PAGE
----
In "Guess Theory" I mentioned that I had encountered the "bad guess syndrome" for some minimal Samurai puzzles, when solving them with a DLX solver.

The normal solving method, for both computers and humans, is to solve as far as possible in each individual grid, using the "feedback" obtained by solving cells and/or getting candidate eliminations on the overlapping boxes to identify further solving/elimination possibilities.

When the puzzle is minimal, however, this local-grid solving method will typically not be able to complete the puzzle, and so we need some other method.

For single grids we would normally use T&E (backtracking), of course. But how to apply this to Samurai? One obvious way is to treat the puzzle as a single grid. This grid has 21 x 21 cells, of which only 369 are actually used. The 369 cells are all members of normal Sudoku houses in their local grids, but cells in the overlapped boxes belong to houses in two grids. This is easily transformed into an exact cover model for a DLX solver, or any T&E solver for that matter.

For the most part this does the job nicely, and solves most puzzles, even minimal ones, in a second or 2. But when it gets "bad guess syndrome", it might take 10-25 minutes! This problem needs sorting out, and there are at least 3 ways we might look at to solve it:

- A: implement a better NCS (next candidate selection) strategy for the T&E / backtracking solver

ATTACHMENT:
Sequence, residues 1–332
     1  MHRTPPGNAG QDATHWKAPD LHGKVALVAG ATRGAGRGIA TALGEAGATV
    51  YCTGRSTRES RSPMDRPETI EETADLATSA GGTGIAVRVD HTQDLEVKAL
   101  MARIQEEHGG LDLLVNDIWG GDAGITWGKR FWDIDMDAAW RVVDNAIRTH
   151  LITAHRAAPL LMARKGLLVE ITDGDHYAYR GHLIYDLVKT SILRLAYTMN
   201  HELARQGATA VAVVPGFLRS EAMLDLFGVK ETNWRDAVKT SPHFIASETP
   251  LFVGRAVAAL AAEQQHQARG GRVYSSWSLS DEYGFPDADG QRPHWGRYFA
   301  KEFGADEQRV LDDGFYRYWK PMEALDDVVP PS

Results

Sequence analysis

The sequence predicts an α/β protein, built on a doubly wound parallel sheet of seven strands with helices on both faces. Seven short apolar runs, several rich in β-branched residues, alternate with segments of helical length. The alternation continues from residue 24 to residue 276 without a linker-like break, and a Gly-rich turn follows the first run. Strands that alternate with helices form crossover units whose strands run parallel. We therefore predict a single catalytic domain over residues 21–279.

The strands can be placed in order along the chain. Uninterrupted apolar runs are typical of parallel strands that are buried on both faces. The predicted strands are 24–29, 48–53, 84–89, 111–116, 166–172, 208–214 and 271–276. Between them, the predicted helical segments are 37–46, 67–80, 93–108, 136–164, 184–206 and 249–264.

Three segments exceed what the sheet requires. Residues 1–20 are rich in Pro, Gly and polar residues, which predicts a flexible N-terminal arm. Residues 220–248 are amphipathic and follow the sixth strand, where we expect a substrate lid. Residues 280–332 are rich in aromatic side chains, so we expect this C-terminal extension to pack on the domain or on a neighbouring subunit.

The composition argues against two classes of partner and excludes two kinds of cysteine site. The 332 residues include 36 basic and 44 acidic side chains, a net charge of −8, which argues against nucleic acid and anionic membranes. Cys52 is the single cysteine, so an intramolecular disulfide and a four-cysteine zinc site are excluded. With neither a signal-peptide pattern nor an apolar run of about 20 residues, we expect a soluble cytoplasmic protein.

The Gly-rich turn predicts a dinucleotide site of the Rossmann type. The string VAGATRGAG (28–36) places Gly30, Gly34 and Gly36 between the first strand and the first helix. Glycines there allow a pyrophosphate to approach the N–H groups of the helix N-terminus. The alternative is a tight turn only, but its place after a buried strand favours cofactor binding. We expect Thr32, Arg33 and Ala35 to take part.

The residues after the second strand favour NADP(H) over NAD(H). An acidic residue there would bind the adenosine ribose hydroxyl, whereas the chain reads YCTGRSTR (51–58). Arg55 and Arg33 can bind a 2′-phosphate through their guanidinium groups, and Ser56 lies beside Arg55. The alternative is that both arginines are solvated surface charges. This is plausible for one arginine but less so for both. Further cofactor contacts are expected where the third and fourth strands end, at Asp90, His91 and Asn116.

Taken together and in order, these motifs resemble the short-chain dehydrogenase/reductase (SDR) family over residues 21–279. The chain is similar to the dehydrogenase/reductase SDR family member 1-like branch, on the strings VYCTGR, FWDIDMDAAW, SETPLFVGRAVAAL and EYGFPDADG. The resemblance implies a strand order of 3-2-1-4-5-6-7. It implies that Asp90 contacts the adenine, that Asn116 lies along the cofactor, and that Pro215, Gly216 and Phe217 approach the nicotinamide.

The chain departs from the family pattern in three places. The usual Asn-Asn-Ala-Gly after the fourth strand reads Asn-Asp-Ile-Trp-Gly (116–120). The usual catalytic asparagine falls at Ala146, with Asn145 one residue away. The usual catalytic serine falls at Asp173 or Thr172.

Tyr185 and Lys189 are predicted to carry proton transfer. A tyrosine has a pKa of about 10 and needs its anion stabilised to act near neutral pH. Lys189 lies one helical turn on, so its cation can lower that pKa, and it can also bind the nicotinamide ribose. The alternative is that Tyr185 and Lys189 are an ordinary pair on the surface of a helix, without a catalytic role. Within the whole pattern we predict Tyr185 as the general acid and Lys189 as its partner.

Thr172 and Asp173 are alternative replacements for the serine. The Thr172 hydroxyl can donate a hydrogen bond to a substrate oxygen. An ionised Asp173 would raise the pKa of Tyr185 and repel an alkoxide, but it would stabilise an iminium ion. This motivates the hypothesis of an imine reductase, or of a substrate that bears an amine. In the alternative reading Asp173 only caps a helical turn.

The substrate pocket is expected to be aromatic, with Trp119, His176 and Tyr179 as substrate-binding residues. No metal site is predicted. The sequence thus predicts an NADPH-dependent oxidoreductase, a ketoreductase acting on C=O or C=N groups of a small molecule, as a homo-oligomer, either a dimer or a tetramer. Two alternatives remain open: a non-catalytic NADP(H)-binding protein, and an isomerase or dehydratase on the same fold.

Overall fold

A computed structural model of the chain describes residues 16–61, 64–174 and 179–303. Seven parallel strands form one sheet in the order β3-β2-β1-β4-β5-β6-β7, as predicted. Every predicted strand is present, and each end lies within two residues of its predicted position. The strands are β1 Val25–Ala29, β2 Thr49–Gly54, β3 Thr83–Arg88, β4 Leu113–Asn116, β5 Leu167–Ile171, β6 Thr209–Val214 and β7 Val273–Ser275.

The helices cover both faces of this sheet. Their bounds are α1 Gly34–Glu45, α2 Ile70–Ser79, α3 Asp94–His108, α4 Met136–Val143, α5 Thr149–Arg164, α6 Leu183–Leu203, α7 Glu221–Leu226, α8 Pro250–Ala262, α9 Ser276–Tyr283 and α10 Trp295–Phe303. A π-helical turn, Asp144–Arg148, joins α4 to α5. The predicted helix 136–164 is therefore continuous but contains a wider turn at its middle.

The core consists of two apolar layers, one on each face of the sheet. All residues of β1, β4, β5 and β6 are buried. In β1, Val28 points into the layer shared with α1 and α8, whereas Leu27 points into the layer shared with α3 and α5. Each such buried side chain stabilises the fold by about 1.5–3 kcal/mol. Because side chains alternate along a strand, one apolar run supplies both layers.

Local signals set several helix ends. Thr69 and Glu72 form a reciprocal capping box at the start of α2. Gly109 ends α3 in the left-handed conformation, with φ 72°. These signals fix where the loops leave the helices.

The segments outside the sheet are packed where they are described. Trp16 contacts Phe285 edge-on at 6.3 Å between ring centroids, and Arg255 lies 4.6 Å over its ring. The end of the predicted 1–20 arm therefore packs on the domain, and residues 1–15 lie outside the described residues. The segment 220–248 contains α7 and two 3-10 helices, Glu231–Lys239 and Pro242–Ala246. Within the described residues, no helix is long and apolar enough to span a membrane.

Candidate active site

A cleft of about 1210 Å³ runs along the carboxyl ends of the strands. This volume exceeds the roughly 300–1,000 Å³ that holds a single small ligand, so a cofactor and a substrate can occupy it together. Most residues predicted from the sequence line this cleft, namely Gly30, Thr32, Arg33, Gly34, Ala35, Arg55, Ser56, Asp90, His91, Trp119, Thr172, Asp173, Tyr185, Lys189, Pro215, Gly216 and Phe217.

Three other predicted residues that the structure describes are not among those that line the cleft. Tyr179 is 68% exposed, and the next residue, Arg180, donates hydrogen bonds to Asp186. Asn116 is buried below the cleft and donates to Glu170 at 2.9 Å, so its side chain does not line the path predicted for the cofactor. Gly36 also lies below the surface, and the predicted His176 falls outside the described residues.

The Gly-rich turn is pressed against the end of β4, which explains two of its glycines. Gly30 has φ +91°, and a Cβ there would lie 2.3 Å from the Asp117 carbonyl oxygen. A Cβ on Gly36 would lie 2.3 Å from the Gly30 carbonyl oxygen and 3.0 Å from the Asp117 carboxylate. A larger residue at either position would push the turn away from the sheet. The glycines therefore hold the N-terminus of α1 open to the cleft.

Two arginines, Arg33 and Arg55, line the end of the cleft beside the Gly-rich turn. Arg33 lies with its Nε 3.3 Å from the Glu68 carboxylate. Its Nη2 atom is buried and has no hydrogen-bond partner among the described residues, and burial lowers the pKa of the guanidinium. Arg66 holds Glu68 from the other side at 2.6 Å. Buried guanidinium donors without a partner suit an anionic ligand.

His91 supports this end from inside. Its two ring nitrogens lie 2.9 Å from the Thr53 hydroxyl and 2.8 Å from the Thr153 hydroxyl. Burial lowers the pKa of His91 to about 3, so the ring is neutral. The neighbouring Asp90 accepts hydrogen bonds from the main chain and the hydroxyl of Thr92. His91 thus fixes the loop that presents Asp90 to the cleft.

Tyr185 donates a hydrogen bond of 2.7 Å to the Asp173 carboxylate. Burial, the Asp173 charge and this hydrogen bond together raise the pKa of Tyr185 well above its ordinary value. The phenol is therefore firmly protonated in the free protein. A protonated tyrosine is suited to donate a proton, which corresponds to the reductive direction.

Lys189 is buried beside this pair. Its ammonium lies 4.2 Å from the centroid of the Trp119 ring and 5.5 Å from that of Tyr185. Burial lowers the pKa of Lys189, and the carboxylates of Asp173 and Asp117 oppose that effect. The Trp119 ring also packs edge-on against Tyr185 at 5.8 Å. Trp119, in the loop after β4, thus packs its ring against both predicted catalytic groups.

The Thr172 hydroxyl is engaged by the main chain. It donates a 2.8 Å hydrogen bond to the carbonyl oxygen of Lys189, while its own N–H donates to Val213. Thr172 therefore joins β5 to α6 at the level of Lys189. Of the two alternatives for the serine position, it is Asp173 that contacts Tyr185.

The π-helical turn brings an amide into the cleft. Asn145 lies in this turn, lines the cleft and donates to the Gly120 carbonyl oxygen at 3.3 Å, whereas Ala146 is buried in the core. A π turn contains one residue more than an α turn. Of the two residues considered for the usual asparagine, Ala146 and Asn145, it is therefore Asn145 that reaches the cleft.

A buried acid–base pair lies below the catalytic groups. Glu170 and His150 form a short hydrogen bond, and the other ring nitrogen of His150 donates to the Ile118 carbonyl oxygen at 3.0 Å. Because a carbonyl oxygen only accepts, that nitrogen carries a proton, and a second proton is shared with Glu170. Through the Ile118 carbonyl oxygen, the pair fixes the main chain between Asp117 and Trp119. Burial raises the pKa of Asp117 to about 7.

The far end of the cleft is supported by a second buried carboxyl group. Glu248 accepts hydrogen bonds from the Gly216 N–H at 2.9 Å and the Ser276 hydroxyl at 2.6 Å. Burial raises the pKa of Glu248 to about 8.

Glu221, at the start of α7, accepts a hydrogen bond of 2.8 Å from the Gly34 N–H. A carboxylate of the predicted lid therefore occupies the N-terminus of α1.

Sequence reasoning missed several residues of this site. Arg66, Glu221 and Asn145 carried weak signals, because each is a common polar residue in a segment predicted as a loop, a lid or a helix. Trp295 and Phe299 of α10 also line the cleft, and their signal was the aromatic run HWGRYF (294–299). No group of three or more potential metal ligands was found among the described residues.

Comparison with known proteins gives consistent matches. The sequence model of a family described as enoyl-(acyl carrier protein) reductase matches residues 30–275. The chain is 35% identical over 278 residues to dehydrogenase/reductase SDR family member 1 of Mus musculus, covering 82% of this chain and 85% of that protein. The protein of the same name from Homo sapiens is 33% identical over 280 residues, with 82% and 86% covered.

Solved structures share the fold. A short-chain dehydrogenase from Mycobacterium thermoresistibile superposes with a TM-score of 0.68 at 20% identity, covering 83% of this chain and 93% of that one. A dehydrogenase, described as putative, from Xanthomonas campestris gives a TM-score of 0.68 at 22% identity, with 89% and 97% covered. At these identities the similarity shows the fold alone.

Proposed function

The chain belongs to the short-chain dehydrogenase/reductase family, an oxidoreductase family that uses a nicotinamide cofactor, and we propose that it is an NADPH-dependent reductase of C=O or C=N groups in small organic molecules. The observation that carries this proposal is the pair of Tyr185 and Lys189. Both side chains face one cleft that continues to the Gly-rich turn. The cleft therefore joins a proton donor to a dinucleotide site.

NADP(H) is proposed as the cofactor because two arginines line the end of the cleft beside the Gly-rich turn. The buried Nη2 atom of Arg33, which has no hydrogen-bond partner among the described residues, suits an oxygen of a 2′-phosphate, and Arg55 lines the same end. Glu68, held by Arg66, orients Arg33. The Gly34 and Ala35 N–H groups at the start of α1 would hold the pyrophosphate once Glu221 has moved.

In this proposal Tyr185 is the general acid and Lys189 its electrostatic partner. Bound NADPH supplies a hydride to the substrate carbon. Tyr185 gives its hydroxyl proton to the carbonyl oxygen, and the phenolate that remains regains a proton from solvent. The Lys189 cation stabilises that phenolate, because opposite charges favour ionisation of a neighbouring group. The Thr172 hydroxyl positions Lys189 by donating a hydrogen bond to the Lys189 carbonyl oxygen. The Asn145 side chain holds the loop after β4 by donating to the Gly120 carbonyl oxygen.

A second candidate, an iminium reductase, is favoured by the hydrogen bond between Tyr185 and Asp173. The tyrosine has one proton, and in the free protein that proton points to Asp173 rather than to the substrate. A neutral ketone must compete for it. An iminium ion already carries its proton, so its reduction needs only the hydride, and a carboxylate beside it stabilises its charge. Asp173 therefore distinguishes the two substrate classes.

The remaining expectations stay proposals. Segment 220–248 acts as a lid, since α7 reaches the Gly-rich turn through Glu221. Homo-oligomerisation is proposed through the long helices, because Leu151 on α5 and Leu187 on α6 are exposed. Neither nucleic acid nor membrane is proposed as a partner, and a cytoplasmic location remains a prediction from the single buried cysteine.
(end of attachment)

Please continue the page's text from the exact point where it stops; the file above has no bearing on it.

- B: use a different solver (eg SAT)

- C: use a direct method, such as "4CS", which I will describe below

Option B

I have to thank creint here for pointing out that SAT is actually very good at these particular puzzles - modelling the problem is easy, just as it is for DLX. This is the case for any exact cover problem, really. But because SAT solvers seem terribly slow, when used for 9x9 puzzles, compared to other methods, I had stopped using it, as I suspect many others have.

On larger grids, and particularly here for the Samurai case, it's a different story. The larger grid size here is NOT combined with extended domains (it's still a "1 to 9" puzzle), and in fact most minimal puzzles I have tested take less than a second. This includes creating the CNF and cranking up the SAT solver software. When you have an "inline" SAT solver that can be called directly from code, it's even faster. You might say that SAT is particularly "tuned" for this particular problem.